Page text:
For example, from the Dungeon Level, you can choose to move to the Goblin Bazaar or the Twisted Caverns, but not both. You can never move backwards (up the card) in a dungeon. Backwards is a direction for cowards. You are no coward, and you'll block any warrior who says otherwise.

If you survive long enough, you'll reach the final room. After that room ability resolves or otherwise leaves the stack, the dungeon is removed from the game. Removing it from the game results in you completing the dungeon. (In some uncommon cases, you might venture into the dungeon in response to the final room ability. If that happens, you complete the dungeon you're in without waiting for the last room ability to leave the stack. You then start the next dungeon. That dungeon's first room ability will resolve before the previous dungeon's last room ability.)

Completing dungeons has two significant benefits. First, there are cards that care about this. Here's Gloom Stalker.

Gloom Stalker

Note that Gloom Stalker doesn't have to be under your control as you complete the dungeon. It just shows up, takes one look at you, knows that you've completed a dungeon, and gives itself double strike. Game recognizes game.

Second, now that you're not in a dungeon, you're free to start a new one! The next time you venture into the dungeon, you can choose the very same dungeon you were just in or you can head into a new one. Want another dance with the Mad Mage? Think the Tomb of Annihilation is more to your liking? Want to concede and head to the tavern? You're writing the story here.

Dragons

There are plenty of Dragons in this set, but they're not really a mechanic. They just demanded equal billing after that dungeon section. So here it is. Yay, Dragons!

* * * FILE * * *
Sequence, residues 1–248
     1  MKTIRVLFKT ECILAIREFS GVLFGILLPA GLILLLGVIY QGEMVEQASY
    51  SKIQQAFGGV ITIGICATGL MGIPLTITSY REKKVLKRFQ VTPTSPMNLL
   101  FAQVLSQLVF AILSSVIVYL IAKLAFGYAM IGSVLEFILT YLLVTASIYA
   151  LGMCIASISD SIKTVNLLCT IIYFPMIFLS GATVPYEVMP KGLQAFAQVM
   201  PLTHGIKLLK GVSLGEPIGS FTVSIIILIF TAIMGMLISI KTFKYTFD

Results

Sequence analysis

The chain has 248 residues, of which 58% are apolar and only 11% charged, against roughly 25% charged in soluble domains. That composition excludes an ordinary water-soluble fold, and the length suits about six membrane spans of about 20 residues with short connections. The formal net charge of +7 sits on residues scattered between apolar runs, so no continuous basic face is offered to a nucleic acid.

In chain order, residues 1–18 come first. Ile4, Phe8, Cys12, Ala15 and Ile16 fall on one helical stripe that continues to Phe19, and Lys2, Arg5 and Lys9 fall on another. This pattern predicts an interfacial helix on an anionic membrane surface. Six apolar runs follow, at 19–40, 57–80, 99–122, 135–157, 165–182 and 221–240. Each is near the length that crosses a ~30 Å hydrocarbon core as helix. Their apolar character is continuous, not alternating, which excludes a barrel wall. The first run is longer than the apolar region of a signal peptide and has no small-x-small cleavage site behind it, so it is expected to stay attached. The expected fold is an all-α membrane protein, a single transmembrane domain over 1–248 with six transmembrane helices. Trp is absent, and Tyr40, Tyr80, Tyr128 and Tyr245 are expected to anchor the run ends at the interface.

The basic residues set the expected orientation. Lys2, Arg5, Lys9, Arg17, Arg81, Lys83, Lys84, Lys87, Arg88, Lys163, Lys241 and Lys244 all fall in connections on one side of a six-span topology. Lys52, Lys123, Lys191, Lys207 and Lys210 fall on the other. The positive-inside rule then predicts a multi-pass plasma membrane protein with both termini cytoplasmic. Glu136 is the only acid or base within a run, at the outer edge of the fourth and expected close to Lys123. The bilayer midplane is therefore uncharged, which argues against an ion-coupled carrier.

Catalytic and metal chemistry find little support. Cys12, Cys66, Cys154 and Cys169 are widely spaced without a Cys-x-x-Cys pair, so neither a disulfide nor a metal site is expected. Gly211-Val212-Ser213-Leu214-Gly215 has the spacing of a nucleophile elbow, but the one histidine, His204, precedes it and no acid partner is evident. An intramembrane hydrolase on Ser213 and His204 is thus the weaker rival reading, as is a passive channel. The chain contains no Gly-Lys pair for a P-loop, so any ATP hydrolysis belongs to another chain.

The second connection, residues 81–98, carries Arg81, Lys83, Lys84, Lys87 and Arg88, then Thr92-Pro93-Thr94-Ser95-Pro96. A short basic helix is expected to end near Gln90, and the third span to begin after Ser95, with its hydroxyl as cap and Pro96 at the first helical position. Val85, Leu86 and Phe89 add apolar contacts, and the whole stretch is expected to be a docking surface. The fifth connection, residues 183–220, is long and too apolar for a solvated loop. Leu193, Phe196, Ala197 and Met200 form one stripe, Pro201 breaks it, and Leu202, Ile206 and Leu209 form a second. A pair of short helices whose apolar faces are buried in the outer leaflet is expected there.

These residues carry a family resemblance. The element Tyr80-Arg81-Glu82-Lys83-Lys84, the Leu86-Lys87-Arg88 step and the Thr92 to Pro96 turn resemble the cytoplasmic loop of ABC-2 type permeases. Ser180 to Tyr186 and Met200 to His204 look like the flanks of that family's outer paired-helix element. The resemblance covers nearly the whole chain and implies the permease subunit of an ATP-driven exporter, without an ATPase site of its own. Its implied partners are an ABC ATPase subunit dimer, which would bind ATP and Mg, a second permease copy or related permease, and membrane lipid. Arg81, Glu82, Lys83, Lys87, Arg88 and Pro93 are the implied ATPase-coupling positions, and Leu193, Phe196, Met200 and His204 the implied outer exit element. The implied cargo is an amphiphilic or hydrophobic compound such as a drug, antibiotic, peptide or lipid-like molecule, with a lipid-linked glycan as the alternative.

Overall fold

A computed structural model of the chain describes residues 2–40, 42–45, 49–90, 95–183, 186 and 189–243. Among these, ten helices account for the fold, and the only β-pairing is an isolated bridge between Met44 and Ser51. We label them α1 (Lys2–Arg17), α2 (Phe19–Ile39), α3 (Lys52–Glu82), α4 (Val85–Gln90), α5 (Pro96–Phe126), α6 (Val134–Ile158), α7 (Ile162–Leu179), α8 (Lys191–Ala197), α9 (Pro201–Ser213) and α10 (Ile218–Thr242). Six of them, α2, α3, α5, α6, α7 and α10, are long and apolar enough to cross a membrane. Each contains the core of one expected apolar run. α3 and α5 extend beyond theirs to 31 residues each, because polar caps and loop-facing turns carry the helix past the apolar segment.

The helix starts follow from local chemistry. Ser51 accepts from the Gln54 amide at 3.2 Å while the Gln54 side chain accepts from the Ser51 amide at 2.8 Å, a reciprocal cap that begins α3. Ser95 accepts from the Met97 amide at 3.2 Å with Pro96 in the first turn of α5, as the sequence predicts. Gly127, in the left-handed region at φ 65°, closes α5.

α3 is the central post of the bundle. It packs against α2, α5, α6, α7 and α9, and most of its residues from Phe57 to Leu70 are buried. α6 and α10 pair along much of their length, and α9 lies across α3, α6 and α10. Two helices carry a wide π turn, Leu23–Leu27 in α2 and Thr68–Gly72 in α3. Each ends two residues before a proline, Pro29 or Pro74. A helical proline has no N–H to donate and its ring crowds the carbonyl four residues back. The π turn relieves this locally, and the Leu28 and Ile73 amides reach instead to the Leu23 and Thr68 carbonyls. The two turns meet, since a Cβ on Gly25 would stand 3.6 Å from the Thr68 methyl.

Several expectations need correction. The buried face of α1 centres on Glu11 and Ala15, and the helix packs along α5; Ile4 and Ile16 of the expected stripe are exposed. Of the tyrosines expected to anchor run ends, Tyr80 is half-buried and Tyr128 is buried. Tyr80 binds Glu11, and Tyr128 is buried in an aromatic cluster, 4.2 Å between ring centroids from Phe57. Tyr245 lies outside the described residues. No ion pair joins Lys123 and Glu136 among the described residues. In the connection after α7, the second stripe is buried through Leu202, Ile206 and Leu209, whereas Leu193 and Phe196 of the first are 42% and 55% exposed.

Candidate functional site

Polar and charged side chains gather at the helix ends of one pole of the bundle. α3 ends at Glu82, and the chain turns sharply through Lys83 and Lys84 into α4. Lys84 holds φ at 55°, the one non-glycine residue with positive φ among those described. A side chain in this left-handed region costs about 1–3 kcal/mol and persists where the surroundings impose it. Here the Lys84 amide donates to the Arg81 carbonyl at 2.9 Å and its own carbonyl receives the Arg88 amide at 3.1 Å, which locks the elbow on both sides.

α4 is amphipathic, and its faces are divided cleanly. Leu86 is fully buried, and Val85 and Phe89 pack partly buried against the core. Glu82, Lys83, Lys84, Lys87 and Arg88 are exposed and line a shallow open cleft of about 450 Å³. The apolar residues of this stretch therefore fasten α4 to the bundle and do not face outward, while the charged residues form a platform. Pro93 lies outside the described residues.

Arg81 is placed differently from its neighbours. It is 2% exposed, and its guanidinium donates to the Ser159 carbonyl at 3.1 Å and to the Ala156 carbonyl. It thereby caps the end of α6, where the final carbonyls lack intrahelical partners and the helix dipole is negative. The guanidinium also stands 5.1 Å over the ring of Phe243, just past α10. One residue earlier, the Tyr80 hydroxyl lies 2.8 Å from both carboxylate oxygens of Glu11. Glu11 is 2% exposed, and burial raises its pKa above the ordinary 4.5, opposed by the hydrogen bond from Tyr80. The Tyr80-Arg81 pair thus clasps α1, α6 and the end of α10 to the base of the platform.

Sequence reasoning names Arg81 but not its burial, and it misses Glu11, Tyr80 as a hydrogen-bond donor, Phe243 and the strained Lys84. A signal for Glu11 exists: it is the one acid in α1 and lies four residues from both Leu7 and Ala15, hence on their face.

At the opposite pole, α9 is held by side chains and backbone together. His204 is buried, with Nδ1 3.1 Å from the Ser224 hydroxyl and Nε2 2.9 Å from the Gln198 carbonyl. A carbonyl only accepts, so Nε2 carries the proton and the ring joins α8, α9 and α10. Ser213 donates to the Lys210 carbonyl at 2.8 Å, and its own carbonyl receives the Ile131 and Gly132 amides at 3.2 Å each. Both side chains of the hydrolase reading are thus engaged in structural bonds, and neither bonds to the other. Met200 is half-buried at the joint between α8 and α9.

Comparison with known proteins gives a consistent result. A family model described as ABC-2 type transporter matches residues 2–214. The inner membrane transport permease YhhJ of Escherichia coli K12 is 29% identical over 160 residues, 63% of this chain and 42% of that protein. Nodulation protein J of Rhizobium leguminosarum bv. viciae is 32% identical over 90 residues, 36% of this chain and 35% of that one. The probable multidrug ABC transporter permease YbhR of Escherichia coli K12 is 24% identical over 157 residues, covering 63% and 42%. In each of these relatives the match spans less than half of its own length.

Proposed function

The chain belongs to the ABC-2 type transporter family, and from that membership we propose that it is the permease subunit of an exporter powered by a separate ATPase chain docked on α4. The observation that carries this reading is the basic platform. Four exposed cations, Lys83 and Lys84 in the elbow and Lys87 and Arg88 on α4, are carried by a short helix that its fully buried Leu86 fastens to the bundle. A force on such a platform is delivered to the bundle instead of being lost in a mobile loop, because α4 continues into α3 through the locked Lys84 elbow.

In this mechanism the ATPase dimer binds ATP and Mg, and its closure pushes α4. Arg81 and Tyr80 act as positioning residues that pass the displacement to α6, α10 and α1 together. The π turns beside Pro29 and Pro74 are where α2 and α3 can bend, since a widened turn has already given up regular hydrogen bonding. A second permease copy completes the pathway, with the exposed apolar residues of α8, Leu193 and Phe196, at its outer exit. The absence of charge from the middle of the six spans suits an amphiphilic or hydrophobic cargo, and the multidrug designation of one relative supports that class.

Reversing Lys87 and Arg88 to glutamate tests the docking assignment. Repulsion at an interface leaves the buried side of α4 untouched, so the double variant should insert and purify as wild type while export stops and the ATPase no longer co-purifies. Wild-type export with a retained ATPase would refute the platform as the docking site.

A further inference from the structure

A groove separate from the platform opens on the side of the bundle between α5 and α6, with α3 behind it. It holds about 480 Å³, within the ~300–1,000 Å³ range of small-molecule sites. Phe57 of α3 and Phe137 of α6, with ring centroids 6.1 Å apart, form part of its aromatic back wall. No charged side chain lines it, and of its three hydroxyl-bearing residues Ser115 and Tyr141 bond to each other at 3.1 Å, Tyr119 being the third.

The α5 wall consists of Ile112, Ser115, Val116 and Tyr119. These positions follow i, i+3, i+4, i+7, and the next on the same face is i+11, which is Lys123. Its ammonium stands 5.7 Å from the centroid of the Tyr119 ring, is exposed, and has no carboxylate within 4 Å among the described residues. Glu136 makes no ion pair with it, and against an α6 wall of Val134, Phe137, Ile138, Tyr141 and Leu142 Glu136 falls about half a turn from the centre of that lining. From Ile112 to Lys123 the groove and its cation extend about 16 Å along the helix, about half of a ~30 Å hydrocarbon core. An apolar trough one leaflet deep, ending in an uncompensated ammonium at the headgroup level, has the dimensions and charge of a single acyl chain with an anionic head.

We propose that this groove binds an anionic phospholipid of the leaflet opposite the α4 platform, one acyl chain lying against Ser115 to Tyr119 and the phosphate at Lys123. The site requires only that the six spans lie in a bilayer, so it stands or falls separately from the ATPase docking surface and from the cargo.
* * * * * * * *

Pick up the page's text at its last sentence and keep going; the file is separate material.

Ampersands

No. Stop.

Flavor Words

Each part of a Magic card can contribute to the story it tells. Names and creative text obviously pitch in, but rules text is often quite flavorful. But what if we did even more? Many abilities found in this set are preceded by flavor words—italicized terms that help tell the story of what's going on. In many cases, they identify a particular skill or feat a creature from the Forgotten Realms could have. A few modal cards in the set use flavor words to better illustrate your choices.

Plundering BarbarianYou See a Guard Approach

Flavor words look just like ability words, which is cool because neither has any rules meaning.

Roll a d20

Little is guaranteed while on an adventure. Sometimes you just have to see where fate takes you. No D&D-themed set would be complete without some d20s flying across the table. While some silver-clad adventurers are familiar with dice from previous unbelievable adventures, this marks the first time these particular elements of chance will be used in realms with borders cloaked in black. Let the good times roll.

Some effects in this set instruct you to roll a d20. A d20 is, of course, a 20-sided die. The other dice traditionally used in a game of D&D (d4, d6, d8, d10, d12, and percentile dice) don't show up in the main set. Some of them may show up elsewhere. It's hard to say; they're unpredictable.